Also remember that the AVFQ is organizing a one-week trade mission to Germany in French from July 9 to 17. During this trade mission, participants will visit plants in Germany and attend the world-leading trade show for doors and facades: Fensterbau Frontale.
From time to time the AGMCA uses this space to highlight its volunteer directors or its member companies. This month we salute Joe Buck, founder of Merit Glass.
Joe broke into our industry in 1967 with PPG Guelph (at that time known as CPI). He learned the basics of the glass business while working on the order desk. PPG decided Joe was a natural for sales, and enrolled him in their sales training course. In 1969, Joe was given his first sales territory in Vancouver, where he excelled. In 1974, Joe was transferred to PPG Kitchener.
The early ‘80s were a tough period in our industry, and PPG made the decision to start closing some of their regional centres. When they decided to close their Kitchener operation, Joe landed back where he started at PPG Guelph, where he was contract manager.
A turning point for Joe came in 1983. When PPG announced they were closing their Guelph branch, Joe took a chance and bought the location. It was there, in a 3,000-square-foot shop that Joe founded Merit Glass, with a staff of four people: one journeyman, one helper, one in the office and a glass cutter/warehouse person.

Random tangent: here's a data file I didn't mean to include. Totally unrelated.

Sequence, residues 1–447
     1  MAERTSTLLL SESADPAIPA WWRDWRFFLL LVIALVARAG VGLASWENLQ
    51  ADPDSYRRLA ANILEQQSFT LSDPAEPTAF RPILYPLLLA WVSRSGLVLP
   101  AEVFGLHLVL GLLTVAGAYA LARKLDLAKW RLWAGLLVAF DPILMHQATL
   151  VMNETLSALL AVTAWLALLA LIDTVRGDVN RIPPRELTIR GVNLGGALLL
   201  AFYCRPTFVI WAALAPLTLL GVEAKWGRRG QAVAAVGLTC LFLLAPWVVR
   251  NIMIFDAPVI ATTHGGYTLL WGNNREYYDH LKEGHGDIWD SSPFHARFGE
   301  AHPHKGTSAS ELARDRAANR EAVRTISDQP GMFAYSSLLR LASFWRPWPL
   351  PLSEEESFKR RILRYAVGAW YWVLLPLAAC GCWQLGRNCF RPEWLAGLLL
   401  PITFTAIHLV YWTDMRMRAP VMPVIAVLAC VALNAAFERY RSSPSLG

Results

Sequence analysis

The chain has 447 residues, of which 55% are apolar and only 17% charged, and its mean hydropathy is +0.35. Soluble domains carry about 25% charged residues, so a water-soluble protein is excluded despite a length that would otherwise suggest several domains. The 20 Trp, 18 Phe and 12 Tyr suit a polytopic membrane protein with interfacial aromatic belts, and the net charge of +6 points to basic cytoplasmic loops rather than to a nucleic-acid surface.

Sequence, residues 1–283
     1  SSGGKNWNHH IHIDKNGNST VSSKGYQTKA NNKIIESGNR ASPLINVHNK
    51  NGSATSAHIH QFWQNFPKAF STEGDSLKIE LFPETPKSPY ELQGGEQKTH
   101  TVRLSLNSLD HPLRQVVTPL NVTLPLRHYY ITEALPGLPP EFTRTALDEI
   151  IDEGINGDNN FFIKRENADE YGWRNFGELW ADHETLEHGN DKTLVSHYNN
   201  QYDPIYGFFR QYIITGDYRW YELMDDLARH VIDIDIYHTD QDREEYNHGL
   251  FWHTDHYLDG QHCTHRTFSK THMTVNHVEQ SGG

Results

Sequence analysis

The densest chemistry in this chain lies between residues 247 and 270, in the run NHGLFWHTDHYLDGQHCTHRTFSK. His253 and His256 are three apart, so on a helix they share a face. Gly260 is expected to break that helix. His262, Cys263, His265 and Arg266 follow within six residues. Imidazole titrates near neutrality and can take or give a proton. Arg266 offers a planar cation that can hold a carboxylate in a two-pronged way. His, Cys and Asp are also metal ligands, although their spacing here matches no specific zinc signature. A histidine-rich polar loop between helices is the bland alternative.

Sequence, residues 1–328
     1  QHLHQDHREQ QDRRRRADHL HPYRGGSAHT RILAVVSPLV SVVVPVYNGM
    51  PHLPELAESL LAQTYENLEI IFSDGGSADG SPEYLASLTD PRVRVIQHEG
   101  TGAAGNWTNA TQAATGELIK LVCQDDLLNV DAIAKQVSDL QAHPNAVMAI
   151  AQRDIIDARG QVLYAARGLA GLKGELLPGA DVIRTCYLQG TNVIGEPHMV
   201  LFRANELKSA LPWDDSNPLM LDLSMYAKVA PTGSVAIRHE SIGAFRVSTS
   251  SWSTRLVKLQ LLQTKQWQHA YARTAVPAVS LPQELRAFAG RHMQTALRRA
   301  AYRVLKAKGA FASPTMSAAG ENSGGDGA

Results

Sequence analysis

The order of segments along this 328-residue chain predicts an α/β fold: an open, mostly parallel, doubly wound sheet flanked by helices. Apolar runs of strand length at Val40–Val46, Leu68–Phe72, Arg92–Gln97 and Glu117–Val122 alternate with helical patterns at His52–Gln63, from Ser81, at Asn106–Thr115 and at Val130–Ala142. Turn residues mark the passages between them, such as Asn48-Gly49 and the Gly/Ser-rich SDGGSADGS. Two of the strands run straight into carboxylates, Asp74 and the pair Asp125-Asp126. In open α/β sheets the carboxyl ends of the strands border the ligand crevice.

Through hard work and determination in those early years, Joe quickly built a customer base that realized he was honest and reliable. Business was growing and Joe soon realized he would need more space. In 1985, he built a new 6,000-square-foot shop in Guelph, where they would stay until 2004, when Joe decided to branch out into pre-glazed curtainwall. When a 25,000-square-foot facility became available at 61 Arrow Road in Guelph, Joe once again took a chance and purchased it.
Merit Glass became a member company of the AGMCA in 1992, and in 1995 Joe was elected to our board of directors, where he still volunteers his time to the betterment of the industry he loves. Joe provides invaluable input to all matters regarding apprenticeship and training, and still sits on the Ontario Glazier Apprentice Training Committee. He also sits on our Local Apprentice Committee that monitors the progress of the apprentices and ensures they complete their training.